You can buy a home with anybody you wish. If you buy a home with your daughter it is important for you to decide who will own the home in the event either you or your daughter die. . If you choose to have the home titled under joint tenancy the ownership of the home will go to the surviving owner. If you choose it to be titled as tenants in common one half ownership will pass to the estate of the deceased and ownership will be determined by that persons will.

Bob McGee
Advance Realty Timonium
410-560-4574
0 votes Thank Flag Link Sun Jan 1, 2012
The answer to that question is - it depends. There are a lot of factors involved here. Are you on title for your primary residence? If you are then that may prevent your daughter from taking advantage of the first time home buyer credit from the state. It also depends on your credit, your income to debt ratio, your income and a number of other items. The best thing for you to do would be to sit down with a visionary loan officer and realtor who think outside the box and discuss the options. I would be happy to discuss your options with you and refer you to a great loan officer. In this economy a lot of parents are helping their kids out to get into their first home or to purchase a home where they can both live together.
June Piper-Brandon - 410-292-0100
Associate Broker
Century 21 Associates
0 votes Thank Flag Link Sun Jan 1, 2012
Yes you can. However, it will all be predicated on whether you both can qualify for a mortgage, if you are not planning on paying cash. If you are going the mortgage route then you both will need to speak with a lender to get pre-qualified. You will have to provide information regarding your income, debts, savings and they will pull you credit. Once the lender says you can buy a home and tells you how much home you can afford the rest is pretty easy - determine where you want to buy the home and what amenities you want. If you need assistance please feel free to reach out to me at john.maranto@comcast.net or via cell phone - 443 564 0952.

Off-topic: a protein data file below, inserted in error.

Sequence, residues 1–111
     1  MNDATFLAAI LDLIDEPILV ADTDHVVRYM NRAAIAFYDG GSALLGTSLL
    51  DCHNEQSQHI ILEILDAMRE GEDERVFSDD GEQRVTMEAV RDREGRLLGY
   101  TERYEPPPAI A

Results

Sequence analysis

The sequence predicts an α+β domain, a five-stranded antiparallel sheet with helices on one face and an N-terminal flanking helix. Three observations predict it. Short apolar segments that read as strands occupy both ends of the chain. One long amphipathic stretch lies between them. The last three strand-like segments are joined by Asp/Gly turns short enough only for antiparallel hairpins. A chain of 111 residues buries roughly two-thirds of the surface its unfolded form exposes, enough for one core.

0 votes Thank Flag Link Sun Jan 1, 2012
Yes you can using FHA financing as a non-occupant co-borrower. You will have to have to have addtional income assests for qualification purposes on your present home mortgage with your husband and the new mortgage with your daughter.

You and your daughter should consult a lender to analyze your present financials for you and your daughter.
0 votes Thank Flag Link Sun Jan 1, 2012
Can you buy a home with your daughter (or basically anyone else you want to?) Yes. But unless you pay cash to do so, it gets complicated. You may want to consult a lawyer to draw up and agreement, and learn about the various types of ownership available.
0 votes Thank Flag Link Sat Dec 31, 2011